Andy, you're on the right track, but the meeting today gave a little more clarity around what the camping board was thinking and the information they were processing. I'll probably post about it soon. My experience has me agreeing quite a bit with Rev. Mowery. I don't it means what you think it means. I know several people who had great camp experiences, but then returned to a church with nothing for them. I also know of several people who went to a camp alone (as the only person from their church). They return to home church and there was no follow up to their camp experience, and no one from their church that they shared it with (I mean shared-experience, not that they didn't share about it). That sounds "isolated" to me. That doesn't mean that in some other cases, people attended camp solo, had an experience, and went back to their church and began leading (or other helpful stuff, giving positive energy). I think both were happening in our camps (a lot of it depending on the volunteer camp leaders and the health of home congregations). There seemed to me to be a lack of intentionality about it, and that's why we have a hard time measuring it. We know we put stuff into it. And we know we got great results, priceless and invaluable. And it benefited some of our congregations. But we have a hard time measuring because it was so varied and inconsistent, lacking a coordinated intentional effort. The new direction is an attempt to align everything with Next Generation Ministries with intentionality and coordination with clear goals in mind. I can post what was stated at the meeting today about what that intentionality is and the goals. I don't think they are absolutely saying that camping as it was didn't benefit congregations. They agree that it does. They have a new way forward to do camps, but in different locations. It seemed to me that all of the board understood the importance of camping ministry and its potential benefits for congregations. They felt that the properties had become a hindrance to doing that ministry well because of needed improvements. Improvements to remain insured amidst rising insurance premiums. After hearing the ideas for the future, I'm actually pretty excited about it.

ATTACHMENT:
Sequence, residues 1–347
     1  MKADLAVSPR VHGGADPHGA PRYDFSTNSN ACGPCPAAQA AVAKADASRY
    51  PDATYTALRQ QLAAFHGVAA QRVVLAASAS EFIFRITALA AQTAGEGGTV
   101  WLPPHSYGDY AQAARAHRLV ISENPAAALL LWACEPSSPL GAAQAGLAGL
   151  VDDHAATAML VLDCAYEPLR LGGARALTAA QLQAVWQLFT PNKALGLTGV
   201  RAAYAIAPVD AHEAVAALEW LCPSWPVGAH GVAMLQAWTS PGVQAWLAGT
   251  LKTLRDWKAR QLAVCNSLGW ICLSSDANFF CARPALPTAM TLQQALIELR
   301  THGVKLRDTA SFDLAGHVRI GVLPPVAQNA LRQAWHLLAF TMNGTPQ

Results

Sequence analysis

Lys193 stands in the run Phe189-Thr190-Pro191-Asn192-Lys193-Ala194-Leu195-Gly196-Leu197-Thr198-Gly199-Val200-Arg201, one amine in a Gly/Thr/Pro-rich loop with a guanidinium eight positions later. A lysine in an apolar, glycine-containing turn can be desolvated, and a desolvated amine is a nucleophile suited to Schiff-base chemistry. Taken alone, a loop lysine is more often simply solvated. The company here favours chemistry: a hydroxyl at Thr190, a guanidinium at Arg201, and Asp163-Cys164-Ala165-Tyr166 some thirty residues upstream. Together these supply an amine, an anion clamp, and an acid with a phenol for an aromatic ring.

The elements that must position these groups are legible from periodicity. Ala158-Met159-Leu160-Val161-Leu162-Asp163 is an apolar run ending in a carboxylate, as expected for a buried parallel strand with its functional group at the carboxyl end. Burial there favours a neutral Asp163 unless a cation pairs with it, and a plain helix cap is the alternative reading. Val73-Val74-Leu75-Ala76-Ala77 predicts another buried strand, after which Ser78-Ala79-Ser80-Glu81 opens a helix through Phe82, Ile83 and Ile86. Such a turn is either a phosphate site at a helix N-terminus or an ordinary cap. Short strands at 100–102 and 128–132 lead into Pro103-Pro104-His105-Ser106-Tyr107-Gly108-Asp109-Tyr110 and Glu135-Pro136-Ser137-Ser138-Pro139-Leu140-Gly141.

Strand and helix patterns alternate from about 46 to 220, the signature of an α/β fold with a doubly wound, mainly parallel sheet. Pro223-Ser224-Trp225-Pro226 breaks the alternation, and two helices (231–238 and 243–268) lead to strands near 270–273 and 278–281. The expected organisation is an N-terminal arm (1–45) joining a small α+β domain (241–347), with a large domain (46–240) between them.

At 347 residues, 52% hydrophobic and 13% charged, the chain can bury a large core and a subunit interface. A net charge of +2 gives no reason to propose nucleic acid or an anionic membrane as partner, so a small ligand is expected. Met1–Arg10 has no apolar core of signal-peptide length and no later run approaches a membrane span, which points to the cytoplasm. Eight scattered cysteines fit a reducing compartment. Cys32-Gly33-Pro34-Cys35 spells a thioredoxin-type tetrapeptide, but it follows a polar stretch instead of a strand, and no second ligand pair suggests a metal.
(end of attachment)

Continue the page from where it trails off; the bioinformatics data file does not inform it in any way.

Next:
Brittanee said...

Pastor Andy,

Thanks again for sharing your thoughts and feelings on the subject at hand.

While I understand the reasons the camping board presented in relation to the future of camping and retreat ministries, it saddens me to think folks believe the experience(s) at camp is/are isolated from the ones in the church. I know many campers (and even counselors) who did not have a church home or simply didn't attend, but after their experience at camp they began to seek the year-long (and longer) community.